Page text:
Text Study for Luke 17:11-19 (Part Two)

Levine and Witherington footnoted a 2018 Journal of Biblical Literature article by Myrick C. Shinall, Jr., titled “The Social Condition of Lepers in the Gospels.” It’s available for reading at www.jstor.org. If you don’t take advantage of the resources at this site, I’d encourage you to do so. I register through my Google account. The search function is useful, and I almost always find something interesting and insightful to assist with my weekly interpretation. If you’re a regular here, you know that I try to curate what I find. But there’s no substitute for first-person reading.

Shinall is assistant professor of surgery and medicine at the Vanderbilt University Medical Center. He is also a member of Vanderbilt’s Center for Biomedical Ethics and Society. Thus, he knows whereof he speaks when it comes to the psychosocial realities of illness and exclusion.

Photo by Steve Johnson on Pexels.com

I’ll share some of the high points of Shinall’s article, because it tends to contradict some of the consensus views of lepers and leprosy in the gospel accounts. These consensus views include the notion that lepers were socially ostracized and isolated in the first-century Mediterranean world. Lepers were treated thus by Jews because they were regarded as ritually impure. Contact with ritually impure persons rendered others ritually impure. Contact with lepers was avoided. Thus, Jesus was a moral hero and courageous boundary-breaker when he healed lepers.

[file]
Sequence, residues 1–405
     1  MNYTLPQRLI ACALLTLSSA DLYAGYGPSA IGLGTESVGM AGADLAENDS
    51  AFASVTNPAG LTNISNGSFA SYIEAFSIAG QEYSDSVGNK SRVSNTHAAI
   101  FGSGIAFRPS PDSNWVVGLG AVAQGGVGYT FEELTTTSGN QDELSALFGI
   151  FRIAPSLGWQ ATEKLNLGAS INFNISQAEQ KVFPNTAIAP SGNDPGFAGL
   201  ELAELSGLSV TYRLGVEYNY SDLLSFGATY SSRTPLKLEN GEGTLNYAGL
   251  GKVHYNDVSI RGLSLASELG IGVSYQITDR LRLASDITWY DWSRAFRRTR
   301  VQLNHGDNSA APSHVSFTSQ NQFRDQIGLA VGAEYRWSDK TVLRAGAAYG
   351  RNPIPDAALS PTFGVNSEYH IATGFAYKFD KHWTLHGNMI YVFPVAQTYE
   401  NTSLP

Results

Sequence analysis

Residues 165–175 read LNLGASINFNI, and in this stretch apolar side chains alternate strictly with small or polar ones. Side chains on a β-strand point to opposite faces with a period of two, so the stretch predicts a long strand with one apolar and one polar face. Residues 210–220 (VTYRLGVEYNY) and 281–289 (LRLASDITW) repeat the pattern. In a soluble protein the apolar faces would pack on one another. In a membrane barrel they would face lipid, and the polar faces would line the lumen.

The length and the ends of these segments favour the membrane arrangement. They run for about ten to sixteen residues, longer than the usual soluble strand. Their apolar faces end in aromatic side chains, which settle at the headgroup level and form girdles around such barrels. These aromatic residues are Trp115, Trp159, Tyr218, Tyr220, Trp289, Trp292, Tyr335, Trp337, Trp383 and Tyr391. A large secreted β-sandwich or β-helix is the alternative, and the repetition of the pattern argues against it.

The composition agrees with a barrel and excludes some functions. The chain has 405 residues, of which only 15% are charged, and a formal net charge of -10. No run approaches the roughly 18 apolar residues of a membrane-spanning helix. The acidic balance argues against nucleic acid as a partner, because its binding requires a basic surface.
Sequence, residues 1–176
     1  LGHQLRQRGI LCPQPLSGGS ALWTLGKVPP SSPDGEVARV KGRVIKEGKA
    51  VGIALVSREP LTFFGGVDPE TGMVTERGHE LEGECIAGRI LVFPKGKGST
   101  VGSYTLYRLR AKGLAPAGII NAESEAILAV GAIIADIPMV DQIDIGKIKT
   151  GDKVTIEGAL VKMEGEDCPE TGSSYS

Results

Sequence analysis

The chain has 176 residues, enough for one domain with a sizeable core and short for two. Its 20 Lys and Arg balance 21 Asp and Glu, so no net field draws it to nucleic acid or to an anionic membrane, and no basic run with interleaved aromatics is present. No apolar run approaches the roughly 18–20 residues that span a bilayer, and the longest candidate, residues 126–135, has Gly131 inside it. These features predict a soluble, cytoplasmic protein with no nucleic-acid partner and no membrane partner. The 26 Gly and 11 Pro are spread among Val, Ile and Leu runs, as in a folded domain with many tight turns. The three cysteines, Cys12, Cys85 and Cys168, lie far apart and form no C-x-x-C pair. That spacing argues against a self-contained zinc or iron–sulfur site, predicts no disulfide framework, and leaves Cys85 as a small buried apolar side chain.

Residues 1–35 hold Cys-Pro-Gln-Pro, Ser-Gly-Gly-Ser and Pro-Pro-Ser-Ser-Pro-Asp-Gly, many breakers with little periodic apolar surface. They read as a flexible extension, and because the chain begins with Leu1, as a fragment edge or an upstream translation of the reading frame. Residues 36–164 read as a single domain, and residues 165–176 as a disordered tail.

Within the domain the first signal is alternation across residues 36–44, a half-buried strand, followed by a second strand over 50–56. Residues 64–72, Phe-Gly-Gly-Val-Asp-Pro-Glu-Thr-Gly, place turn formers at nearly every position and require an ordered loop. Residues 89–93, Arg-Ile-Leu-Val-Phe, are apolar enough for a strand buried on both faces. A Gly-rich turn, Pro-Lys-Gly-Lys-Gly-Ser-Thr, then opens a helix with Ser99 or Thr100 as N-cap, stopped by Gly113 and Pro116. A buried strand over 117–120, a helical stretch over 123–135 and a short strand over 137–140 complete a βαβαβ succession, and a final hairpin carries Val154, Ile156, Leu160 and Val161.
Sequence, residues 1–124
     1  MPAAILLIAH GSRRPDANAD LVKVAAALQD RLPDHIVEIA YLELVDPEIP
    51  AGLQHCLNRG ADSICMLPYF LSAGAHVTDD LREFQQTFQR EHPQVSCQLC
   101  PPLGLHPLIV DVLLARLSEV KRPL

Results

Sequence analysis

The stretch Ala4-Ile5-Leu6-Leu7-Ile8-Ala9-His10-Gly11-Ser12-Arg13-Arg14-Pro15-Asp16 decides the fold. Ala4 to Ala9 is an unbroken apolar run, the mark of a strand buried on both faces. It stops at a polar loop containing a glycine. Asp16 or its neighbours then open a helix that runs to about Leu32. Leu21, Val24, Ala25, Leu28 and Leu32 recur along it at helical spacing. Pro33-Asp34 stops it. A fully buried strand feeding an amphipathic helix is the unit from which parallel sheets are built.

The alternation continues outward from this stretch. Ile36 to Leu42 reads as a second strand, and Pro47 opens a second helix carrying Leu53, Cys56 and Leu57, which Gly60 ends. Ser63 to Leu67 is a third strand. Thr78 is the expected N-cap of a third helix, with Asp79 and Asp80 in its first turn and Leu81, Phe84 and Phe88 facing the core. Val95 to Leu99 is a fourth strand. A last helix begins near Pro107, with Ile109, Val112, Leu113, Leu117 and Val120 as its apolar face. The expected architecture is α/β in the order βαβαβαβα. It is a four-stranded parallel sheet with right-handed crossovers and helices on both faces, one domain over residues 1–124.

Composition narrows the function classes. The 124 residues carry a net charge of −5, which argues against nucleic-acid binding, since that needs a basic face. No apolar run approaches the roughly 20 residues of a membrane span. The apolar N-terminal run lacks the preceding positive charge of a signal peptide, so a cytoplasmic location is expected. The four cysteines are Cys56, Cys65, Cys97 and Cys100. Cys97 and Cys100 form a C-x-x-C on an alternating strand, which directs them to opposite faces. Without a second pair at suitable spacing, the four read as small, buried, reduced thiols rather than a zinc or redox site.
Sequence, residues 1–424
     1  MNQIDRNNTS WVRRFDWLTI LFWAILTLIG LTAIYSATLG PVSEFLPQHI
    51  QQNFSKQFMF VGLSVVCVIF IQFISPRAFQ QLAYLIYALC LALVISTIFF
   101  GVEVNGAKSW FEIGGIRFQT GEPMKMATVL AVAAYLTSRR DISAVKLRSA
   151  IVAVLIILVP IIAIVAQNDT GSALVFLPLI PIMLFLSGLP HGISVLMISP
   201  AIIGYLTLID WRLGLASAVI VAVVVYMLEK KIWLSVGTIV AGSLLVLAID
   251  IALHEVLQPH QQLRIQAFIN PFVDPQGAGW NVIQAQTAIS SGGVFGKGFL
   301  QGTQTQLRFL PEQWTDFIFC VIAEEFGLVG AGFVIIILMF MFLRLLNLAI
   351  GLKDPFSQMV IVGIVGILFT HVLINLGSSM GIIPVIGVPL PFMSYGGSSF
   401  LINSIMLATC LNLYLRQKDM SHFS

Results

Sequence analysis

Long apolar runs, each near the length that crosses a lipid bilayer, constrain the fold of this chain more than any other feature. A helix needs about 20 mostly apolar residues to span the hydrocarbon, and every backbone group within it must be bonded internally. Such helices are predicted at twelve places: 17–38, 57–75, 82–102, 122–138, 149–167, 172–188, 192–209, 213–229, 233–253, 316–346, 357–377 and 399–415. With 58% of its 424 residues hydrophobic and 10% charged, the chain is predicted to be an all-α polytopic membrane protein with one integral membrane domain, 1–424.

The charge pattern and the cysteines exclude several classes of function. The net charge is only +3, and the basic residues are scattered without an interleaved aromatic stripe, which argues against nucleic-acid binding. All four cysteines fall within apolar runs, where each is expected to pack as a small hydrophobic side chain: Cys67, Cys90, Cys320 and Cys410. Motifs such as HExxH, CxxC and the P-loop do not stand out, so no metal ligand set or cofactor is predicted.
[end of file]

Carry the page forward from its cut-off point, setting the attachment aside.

“I challenge this consensus,” Shinall writes, “and argue that neither the gospel texts nor available background information on Second Temple Judaism demands that we read the leprous characters of the gospels as outcasts” (page 916). Just as a reminder, what the Hebrew Bible and Christian New Testament label as “leprosy” is any disfiguring skin condition that might render the sufferer as corpse-like in appearance.

We need not assume that the sufferer had contracted Hansen’s disease, nor that we are talking about any one type of skin disfigurement. “Leprosy” is a catch-all term in both testaments and beyond.

Were lepers socially isolated in Second Temple Judaism? Not necessarily, Shinall argues. The evidence outside the New Testament is inconsistent in its testimony regarding the exclusion of lepers and taboos against touching them. The gospel texts don’t describe the lepers as excluded from society or suffer such taboos. In fact, the witness of the gospel texts offers some evidence that lepers were included in normal social intercourse. For example, Jesus dines at the home of “Simon, the leper.” That story doesn’t reek of exclusion and taboo.